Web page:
Augmentative Communication for Autistic Children
For years educators have been aware of the advantages of introducing children to enriched learning environments that reinforce a child’s primary learning style whether they are an auditory, kinesthetic or visual learner. An auditory learner interprets the underlying meaning of speech through tone, pitch and voice speed. A kinesthetic learner absorbs information by physically interacting with their environment through movement, drawing or taking notes. The majority of children with Autism are visual learners who often think in pictures and more readily comprehend a lesson if provided with visual cues. Verbal instructions alone are usually not a sufficient form of communication for these children. It is easier for a child with Autism to understand the teacher’s intended communications by visual facial cues, hand gestures and body language. However, one of the challenges faced by Autistic children is the common problematic behavior of making eye contact and socializing which directly interferes with the ability to optimize a visual learning style face-to-face with people.
Visual Learning with Augmentative Communication
One way to improve these children’s lives is to introduce learning tools called Augmentative Communication. This assistive technology provides visual information in a creative format to improve a child’s ability to complete activities of daily living both in the home and at school. Depending on the situation, various visual systems can be introduced to turn up the volume on learning. For example, an Activity Schedule can be created to remind the child what they have to do when they wake up to get ready for school. The morning routine can be represented using various photographs, drawings or words placed chronologically in a three ring binder as follows:
Page 1: a toilet
Page 2: a toothbrush and toothpaste
Page 3: a hairbrush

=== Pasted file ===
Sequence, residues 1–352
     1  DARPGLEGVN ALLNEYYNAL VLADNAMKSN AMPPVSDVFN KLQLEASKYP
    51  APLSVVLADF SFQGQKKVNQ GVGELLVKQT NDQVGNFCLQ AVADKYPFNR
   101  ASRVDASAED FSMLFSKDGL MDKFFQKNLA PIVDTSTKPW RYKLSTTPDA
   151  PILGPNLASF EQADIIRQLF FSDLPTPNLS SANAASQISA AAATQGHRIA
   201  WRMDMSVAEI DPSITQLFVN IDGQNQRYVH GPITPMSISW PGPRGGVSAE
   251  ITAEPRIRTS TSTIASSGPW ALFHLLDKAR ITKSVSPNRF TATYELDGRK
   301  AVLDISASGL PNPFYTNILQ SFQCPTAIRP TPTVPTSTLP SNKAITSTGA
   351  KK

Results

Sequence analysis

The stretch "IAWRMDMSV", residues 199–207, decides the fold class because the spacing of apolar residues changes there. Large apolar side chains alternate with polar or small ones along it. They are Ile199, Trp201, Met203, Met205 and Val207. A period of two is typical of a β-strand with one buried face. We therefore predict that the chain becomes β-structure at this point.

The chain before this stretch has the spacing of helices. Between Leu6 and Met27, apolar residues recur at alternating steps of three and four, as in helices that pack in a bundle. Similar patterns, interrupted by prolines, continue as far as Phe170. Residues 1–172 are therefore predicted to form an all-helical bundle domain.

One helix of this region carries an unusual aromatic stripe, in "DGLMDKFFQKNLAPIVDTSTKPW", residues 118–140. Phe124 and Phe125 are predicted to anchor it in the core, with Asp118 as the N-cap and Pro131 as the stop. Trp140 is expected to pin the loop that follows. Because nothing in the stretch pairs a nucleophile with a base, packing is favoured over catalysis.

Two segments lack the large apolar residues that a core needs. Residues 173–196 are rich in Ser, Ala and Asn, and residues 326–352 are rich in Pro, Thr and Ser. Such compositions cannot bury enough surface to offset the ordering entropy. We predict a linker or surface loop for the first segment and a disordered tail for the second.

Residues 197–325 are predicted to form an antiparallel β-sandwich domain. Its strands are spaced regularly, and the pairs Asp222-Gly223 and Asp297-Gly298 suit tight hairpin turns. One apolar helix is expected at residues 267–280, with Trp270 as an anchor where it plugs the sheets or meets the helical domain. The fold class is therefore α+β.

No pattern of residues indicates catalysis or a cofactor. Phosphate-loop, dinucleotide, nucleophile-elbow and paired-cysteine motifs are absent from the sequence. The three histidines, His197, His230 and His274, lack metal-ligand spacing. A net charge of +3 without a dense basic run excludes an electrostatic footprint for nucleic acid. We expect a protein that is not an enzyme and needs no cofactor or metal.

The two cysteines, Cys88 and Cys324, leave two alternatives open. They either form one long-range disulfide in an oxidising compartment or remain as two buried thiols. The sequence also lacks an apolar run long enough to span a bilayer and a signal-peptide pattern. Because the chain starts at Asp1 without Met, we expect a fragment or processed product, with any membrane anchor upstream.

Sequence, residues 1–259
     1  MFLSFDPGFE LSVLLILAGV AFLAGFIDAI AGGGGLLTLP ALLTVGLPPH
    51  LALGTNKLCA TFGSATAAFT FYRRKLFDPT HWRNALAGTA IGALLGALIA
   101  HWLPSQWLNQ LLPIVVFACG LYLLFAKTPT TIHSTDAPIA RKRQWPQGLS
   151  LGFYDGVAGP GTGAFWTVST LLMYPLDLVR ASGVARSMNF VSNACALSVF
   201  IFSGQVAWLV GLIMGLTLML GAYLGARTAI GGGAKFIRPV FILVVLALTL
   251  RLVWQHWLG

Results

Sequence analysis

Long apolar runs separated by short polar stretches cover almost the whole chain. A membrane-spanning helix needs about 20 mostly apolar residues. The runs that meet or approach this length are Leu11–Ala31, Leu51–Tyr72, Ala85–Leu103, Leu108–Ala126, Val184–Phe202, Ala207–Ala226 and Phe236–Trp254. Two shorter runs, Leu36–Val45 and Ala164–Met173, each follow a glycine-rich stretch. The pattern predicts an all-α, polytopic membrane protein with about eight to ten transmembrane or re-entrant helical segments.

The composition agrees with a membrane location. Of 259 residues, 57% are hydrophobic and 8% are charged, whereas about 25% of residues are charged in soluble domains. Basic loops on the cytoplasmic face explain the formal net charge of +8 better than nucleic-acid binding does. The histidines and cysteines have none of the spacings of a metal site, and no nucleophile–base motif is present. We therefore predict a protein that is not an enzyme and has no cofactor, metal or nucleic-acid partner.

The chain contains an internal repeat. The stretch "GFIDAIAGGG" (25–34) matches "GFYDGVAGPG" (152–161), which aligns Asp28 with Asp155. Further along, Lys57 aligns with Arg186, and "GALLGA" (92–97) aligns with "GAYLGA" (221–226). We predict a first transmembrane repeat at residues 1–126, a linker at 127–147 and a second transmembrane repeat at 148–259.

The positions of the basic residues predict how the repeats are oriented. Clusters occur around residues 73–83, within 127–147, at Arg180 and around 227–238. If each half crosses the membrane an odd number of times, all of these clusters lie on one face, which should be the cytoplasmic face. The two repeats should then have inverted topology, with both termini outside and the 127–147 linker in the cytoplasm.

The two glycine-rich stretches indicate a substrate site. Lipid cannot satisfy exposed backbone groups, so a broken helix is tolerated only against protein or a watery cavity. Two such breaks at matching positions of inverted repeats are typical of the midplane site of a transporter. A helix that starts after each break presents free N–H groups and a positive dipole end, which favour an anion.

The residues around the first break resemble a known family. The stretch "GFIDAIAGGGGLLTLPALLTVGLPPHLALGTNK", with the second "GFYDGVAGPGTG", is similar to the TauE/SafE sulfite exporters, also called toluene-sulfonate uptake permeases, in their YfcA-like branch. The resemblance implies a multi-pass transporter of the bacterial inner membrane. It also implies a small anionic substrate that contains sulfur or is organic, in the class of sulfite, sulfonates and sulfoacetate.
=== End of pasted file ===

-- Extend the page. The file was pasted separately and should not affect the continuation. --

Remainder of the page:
Page 4: a shirt, underwear, pants, socks, and shoes
Page 5: a bowl of cereal and milk
Page 6: a backpack
After completing each action it’s important for the child to cross off the item or place the picture in an “all done” envelope. When the information is presented in this way it helps the child understand the sequence of daily events.
All children have an easier time of moving from one activity to another when given a verbal two-minute warning that a change is coming. However, since children with Autism are more visual than auditory, the transition time can be made easier by introducing Forewarning Cards. Each card tells the child what is going to happen next. When a child is going to start an activity, a green circle card is placed on their desk with the word “go” smack dab in the middle of the circle and they are told to begin the activity. When there are approximately 1-2 minutes left for the child to continue the activity, an "almost done" yellow circle is placed in front of the child, followed by a verbal message that they are going to need to stop in two minutes. When the time comes for the child to stop the activity, a red stop sign card with the word "stop" is placed on their desk and they are verbally told to stop the activity.
Communicating with Picture Cards
It is not unusual for children with Autism to have a difficult time communicating or speaking. In these cases, the Picture Exchange Communication System (PECS) can be an indispensable tool. One example of a PECS is a stack of individual picture cards with the word of the item written at the top of the card. The cards are whole punched and attached with a metal ring. If the child wants a banana, they can show their caregiver or teacher the drawing of the banana. This provides a way for the child to communicate without frustration and enables them to be the one initiating the communication exchange. There are other types of PECS cards that can help to reduce frustration, acting out, and tantrums. “Break cards” can be used when the child is feeling stressed and needs some down time; “choice cards” give the child independence by allowing them to choose from pre-determined options; and “all done cards” give the child an avenue to communicate that they are finished with a task.
The examples of assistive technology presented here are low-tech tools that are low-cost and relatively easy to create. There are many other kinds of augmentative communication tools that can help to improve an Autistic child’s independent functioning skills. In Part 2 we’ll examine the motivating mid-tech options such as the Voice Output Communication Aids and in Part 3 we’ll look at the benefits of using high-tech tools such as video taping and computers to improve comprehension, social skills and self-control.